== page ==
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HOME > Korean J Prev Med > Volume 33(4); 2000 > Article
Original Article Cost-benefit Analysis of Mandatory Prescription in Korea.
Young Keon Jee, Han Joong Kim, Eun Cheol Park, Hye Young Kang
Journal of Preventive Medicine and Public Health 2000;33(4):484-494
DOI: https://doi.org/
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1Department of Preventive Medicine, Yonsei University College of Medicine.
2Department of Public Health, Graduate School, Yonsei University.

OBJECTIVE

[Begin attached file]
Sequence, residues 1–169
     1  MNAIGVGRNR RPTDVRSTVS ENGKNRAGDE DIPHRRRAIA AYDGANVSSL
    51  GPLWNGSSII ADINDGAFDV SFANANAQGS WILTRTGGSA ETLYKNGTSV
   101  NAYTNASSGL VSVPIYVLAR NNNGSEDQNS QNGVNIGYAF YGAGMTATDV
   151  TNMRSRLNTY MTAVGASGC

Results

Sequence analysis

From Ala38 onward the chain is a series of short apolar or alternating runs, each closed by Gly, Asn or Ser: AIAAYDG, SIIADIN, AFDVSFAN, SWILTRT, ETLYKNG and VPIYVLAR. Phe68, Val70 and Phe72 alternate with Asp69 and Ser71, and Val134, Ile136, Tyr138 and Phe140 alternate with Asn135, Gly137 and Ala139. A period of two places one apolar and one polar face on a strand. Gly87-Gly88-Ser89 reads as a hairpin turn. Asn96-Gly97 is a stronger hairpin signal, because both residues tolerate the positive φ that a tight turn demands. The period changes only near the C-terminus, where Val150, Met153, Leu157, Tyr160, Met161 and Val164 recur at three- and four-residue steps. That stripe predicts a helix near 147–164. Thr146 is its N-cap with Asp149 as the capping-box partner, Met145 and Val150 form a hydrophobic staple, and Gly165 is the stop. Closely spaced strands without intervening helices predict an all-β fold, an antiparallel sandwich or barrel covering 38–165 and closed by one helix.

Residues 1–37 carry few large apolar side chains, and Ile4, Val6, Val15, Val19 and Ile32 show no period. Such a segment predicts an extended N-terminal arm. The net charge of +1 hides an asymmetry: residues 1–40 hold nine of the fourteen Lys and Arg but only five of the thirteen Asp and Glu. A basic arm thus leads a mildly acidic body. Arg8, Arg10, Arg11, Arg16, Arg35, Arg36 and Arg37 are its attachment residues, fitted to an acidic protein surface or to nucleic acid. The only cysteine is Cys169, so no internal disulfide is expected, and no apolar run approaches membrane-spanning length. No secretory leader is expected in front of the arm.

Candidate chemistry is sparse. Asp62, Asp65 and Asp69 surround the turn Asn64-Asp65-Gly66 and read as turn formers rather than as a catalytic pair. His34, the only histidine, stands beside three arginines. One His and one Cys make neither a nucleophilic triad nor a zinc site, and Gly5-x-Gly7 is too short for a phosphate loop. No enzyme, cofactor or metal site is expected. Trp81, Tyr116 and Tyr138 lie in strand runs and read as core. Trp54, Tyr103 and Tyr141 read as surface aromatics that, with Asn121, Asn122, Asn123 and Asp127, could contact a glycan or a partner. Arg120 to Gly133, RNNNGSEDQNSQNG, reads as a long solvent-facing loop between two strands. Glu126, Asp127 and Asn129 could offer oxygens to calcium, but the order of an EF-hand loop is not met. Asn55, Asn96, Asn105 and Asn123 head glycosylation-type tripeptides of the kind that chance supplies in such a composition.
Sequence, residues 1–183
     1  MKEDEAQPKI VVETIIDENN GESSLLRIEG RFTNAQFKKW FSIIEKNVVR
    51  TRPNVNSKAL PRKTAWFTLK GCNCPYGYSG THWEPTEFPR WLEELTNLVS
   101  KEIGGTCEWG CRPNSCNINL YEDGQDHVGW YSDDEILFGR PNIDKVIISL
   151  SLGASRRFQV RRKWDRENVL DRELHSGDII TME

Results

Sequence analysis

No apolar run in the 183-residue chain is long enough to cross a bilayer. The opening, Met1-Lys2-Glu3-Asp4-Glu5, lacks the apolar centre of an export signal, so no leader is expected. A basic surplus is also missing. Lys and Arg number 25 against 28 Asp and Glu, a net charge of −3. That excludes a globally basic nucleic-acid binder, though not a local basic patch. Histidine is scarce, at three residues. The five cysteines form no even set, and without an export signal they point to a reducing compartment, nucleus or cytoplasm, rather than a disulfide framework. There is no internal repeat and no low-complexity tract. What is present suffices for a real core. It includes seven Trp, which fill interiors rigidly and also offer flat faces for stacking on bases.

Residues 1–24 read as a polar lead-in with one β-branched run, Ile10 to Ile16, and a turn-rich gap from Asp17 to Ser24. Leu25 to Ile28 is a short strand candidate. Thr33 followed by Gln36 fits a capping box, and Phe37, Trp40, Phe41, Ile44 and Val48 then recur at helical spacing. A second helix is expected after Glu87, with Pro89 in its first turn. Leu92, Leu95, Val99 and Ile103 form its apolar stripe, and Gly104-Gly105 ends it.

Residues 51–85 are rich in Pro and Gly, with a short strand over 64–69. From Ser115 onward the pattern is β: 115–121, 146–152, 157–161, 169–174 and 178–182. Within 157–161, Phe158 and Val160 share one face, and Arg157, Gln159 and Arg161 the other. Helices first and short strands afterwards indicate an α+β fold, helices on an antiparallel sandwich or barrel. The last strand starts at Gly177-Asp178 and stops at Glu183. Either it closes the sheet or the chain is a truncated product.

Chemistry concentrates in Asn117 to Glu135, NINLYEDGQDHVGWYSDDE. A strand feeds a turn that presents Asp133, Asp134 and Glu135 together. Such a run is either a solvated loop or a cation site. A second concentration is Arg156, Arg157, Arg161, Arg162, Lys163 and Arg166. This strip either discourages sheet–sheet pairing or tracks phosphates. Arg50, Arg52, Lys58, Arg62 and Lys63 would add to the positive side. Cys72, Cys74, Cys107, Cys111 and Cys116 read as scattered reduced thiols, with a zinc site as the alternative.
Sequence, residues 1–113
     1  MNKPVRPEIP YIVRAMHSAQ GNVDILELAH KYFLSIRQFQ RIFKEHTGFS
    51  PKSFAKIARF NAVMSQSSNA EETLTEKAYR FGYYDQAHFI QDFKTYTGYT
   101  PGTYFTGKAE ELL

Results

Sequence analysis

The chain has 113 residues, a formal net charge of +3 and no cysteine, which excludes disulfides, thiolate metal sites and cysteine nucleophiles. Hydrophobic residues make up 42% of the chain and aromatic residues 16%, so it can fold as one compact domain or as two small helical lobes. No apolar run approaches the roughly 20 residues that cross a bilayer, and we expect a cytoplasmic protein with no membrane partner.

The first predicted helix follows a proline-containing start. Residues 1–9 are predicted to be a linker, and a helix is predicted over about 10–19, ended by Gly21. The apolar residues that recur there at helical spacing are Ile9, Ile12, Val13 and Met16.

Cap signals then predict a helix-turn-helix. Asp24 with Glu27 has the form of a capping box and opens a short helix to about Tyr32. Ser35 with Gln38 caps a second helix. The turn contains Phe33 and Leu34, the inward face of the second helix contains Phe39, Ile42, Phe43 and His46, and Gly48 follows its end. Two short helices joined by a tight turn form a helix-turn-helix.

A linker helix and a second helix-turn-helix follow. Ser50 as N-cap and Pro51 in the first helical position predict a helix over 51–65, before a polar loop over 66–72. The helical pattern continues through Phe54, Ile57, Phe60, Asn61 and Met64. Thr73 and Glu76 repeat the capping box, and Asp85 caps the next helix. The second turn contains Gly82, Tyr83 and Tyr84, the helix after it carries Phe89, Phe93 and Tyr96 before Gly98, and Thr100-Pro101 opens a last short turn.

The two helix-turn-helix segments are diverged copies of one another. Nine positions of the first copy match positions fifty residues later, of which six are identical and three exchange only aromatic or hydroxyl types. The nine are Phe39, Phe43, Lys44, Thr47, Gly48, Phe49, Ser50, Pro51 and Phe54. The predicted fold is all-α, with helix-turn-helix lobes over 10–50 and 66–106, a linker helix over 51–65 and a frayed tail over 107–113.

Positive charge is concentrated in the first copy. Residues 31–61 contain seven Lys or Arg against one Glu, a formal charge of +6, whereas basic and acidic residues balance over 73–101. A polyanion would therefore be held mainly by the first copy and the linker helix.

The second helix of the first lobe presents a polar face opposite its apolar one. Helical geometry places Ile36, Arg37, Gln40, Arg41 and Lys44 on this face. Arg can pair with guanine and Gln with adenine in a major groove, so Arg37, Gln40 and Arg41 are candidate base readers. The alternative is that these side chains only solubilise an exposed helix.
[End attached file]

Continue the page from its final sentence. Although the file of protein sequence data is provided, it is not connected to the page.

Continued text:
To evaluate the relative benefits and the costs associated with the introduction of the new pharmaceutical provision called 'Mandatory Prescription Syste m' which separates the role of physicians from that of pharmacists with respect to the prescription and dispensation of from the perspective of consumers (i.e., patients). METHODS: The costs of the system were measured by considering both direct and indirect costs. Direct costs included additional payments for ambulatory care and dispensing fees that occurred under the new system. Indirect costs consisted of transportation expenses and costs related to time spent for physician consultation, waiting for the prescriptions to be filled, and extra traveling. Benefits identified in this study were the reduction of drug misuse and overuse, and the overall decrease in drug consumption among the Korean population. Sensitivity analysis was performed for the inclusion of benefits for outpatients of hospitals, price elasticity, and increased fees for established patients. RESULTS: The net benefit was estimated to be about minus 1,862 billion won and the benefit-cost ratio was 0.478. This indicates that the costs of 'Mandatory Prescription' outweigh its benefits, relative to the previous system. The sensitivity analysis results for all the variables considered in this study consistently showed the benefit-cost ratio to be less than 1. CONCLUSION: The results of this study suggest that implementing Mandatory Prescription System in Korea might be inefficient from the consumer's perspective. The results of this study do not coincide with the results of previous studies, presumably because of the differences in study design and in which items of costs and benefits were considered.

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